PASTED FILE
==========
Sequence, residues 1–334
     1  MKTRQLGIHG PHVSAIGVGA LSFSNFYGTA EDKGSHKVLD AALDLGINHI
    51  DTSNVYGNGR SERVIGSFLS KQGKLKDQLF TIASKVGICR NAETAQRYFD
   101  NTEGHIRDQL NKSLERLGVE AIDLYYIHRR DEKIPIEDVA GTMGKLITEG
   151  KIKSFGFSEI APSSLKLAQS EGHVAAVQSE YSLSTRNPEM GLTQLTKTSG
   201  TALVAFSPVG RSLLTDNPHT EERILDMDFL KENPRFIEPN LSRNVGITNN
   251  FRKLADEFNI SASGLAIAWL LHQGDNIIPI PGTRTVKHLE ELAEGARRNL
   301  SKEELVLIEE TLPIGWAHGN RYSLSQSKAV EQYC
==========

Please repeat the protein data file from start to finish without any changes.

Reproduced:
Sequence, residues 1–334
     1  MKTRQLGIHG PHVSAIGVGA LSFSNFYGTA EDKGSHKVLD AALDLGINHI
    51  DTSNVYGNGR SERVIGSFLS KQGKLKDQLF TIASKVGICR NAETAQRYFD
   101  NTEGHIRDQL NKSLERLGVE AIDLYYIHRR DEKIPIEDVA GTMGKLITEG
   151  KIKSFGFSEI APSSLKLAQS EGHVAAVQSE YSLSTRNPEM GLTQLTKTSG
   201  TALVAFSPVG RSLLTDNPHT EERILDMDFL KENPRFIEPN LSRNVGITNN
   251  FRKLADEFNI SASGLAIAWL LHQGDNIIPI PGTRTVKHLE ELAEGARRNL
   301  SKEELVLIEE TLPIGWAHGN RYSLSQSKAV EQYC